with the rallying of the european newspapers, there may be something, but i heard the newpaper editor saying he’d be careful before doing this again. this is a turf fight, and a european/western failure to respond is very bad… very bad. Michele Malkin has a great piece on this.

  3. Philip says:

    I think that this one may just turn out to be a bit of a wake up call for the west.

    I can remember how the BBC’s coverage of Robert Mugagbe suddenly changed from vague and equivocal to sharp and incisive when Mugabe set his goons on one of their reporters.

    can you be more specific? i don’t remember this.

    This might be a similar pivotal event for the western press, as it finds its much cherished freedom of expression suddenly under threat. The rallying of papers across Europe in support of the Danish suggests that Islamofacism might have overstepped the mark here and finally found a small amount of “spine” somewhere in Europe.

    well, as antidhimmi puts it, it’s going to happen sometime. this is actually a nice point for a turning — the ability to speak freely — since that is at the core of civil societies. we become prisoners of their need to get honor at any cost, even — especially — death. better we respond at the level of discourse — where i still think it can be won — than waiting so long that you get a fascist abreaction from the west. part of the moral failure of the left, is that this is precisely where it should be leading, and instead makes itself toadies of everything it claims to hate.

  4. Ivy says:

    It’s born of one of two things. Take your best guess.

    Either it’s a matter of maintaining a moral upper hand, which in itself is suprisingly mature for late twentieth and early twenty-first century politics. That someone else does something inappropriate or reprehensible is not carte-blanche to go do the same thing ourselves.

    okay, fairly conventional liberal thinking. but as a number have remarked, concealing deep condescension and contempt. and at what a cost! you maintain your self-image as having the moral upper hand by associating with people who are so far beneath you that you can condescend to them, encouraging their worst instincts, and distance yourself from people who try desperately, even suicidally, to fulfill the highest standards of enlightened morality. and all that just to look in the mirror and say, “mirror mirror on the wall, who’s the most moral of them all?” in reality the Arabs and Muslims have contempt for people who think like that, because they become useful idiots, encouraging enemies, and then turning around with twisted judgments and moral hysteria to chase out their natural positive-sum ally in the great experiment of civil society.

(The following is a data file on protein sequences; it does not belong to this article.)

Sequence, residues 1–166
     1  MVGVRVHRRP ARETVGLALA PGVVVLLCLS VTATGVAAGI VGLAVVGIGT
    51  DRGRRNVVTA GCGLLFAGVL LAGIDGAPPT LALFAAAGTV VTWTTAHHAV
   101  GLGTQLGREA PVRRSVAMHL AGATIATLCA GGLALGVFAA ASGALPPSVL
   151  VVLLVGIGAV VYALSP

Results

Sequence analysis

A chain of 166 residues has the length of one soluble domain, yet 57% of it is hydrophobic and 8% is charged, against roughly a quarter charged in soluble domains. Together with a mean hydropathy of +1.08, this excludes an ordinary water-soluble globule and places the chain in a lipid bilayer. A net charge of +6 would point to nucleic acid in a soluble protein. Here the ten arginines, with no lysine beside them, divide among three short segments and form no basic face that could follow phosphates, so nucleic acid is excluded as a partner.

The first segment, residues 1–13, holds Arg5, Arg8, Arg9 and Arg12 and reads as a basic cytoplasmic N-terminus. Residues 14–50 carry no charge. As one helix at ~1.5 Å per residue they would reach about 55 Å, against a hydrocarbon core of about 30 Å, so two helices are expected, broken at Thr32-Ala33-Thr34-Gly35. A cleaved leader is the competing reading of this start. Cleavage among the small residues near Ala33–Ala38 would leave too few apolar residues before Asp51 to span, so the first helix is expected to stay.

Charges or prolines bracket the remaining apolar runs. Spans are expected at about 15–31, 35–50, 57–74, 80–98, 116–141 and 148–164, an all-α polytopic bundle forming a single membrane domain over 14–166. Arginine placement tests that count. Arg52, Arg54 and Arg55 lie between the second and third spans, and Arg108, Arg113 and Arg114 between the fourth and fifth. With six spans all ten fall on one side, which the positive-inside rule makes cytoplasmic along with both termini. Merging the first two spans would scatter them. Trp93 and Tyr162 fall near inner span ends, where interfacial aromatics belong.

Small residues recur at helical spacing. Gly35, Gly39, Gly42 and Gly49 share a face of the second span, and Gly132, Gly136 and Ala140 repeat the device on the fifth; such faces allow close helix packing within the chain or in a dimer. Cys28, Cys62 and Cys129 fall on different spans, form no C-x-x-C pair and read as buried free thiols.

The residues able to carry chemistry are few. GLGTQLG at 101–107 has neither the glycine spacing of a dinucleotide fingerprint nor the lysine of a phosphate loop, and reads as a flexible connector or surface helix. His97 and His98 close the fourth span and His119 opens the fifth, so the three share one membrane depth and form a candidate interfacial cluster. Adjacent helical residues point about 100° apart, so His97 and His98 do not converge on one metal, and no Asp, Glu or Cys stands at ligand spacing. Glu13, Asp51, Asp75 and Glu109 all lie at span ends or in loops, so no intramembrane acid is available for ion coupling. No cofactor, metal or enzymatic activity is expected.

Or it’s a matter of common sense. Religion has a funny way of making otherwise decent people do things they would normally consider horrifying. See the Inquisition. See the Crusades. In the name of a religion that is supposed to be peaceful, government leaders and citizens that prided themselves on their morality and piety tortured and slaughtered innocent civilians, including infants. If I were living in the twelth century, I wouldn’t bash Christianity publically.

    i’d prefer to say “theocratic religion” or theocracy, the desire to shove your religion down the throats of people whom you can intimidate with impunity. not all forms of religiosity go that way. i work on demotic religiosity and that’s a pretty healthy form, indeed, i’d argue one of the healthier forms of responsible life in civil society. it’s the apocalyptic crises that tend to provoke violent swings from passive cataclysmic (terrible destruction comes, we are the subjects of its powers) to active cataclysmic (we are the agents of the vast destruction that’s coming).